Wednesday, April 29, 2009

Too close for comfort--the swine flu near you?

I hate how the media is spinning the swine flu situation--it seems the first thing out of commentators' mouths is the antisocial advice to avoid public places, accompanied by frightening video of people in Mexico wearing face masks. Ugh.

However, now that the flu--and fear of flu--is spreading quickly, it's best to remember that basic measures are the best prevention. What are some of these simple things?

Hibernation. Get your eight hours every night as often as possible--your life may depend on it. As researcher Stanley Coren notes in the "Sleep and Health" chapter of his book Sleep Thieves, "Researchers are now gathering a lot of evidence that confirms the idea that sleep is a vital factor in staving off disease and fighting disease organisms that have already started their attack."

Hydration. Drink mostly water, sipped often throughout the day. Occasionally drink 100% Concord grape or cranberry juice, hot (but not boiling hot) tea, or a tisane (lemon balm, honeysuckle petals, ginger, all of which have antiviral properties, mentions James Duke in The Green Pharmacy).

Sanitation. Wash your hands! Take a good twenty seconds under warm running water to lather, rinse, and repeat. (Use regular soap, not that antibacterial stuff which has antibiotics such as triclosan added.)

Nutrition. You know the drill--aim for five fruits and veggies daily, at a minimum. For extra protection, take vitamin D. Foods to consider eating regularly to prevent upper respiratory illnesses like the flu include apples and yogurt, according to Jean Carper (The Food Pharmacy). In Food--Your Miracle Medicine, Carper notes that food with antiviral activity include: barley, black currants, blueberries, chives, coffee, collards, cranberries, ginger, garlic, gooseberries, grapes, grapefruit juice, lemon juice, mushroom (notably shiitake), orange juice, peaches, pineapple juice, plums, plum juice, raspberries, sage, seaweed, spearmint, strawberries, tea, wine (red).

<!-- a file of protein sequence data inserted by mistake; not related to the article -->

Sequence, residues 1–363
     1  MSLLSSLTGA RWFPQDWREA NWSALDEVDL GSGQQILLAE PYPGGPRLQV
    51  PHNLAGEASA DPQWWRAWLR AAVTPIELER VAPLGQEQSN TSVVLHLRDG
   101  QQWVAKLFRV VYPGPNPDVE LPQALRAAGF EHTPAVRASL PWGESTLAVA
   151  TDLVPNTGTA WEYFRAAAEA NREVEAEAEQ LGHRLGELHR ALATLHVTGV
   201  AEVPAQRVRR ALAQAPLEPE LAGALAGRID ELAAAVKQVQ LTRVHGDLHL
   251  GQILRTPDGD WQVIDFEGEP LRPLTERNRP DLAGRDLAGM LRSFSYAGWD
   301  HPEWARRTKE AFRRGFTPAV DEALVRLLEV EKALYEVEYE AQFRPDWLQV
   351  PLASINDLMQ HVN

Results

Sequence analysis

All of the abovementioned actions consist of taking care of ourselves as individuals. However, there is not-so-idle speculation that this flu virus came via a town which has a factory pig farm. Such industrial farm operations implicate us as a society, for our lust for meat at the lowest cost is causing pigs to be raised in sickening conditions which are a breeding ground for pathogens like swine flu. The Pew Commission on Industrial Farm Animal Production report, "PCIFAP Staff Summary of Occupational and Community Public Health Imports," which focuses on public health consequences of factory farming, makes for frankly frightening reading, particularly pages 13 and 14.

As Republican speechwriter Matthew Scully stated in Dominion, "And no one who has seen how they are treated will ever again dare to use "pig" as a synonym for filth and greed and ugliness."

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In times like this, it's good at times to savor the simple things, such as this song of the same name from the late, great Minnie Riperton.

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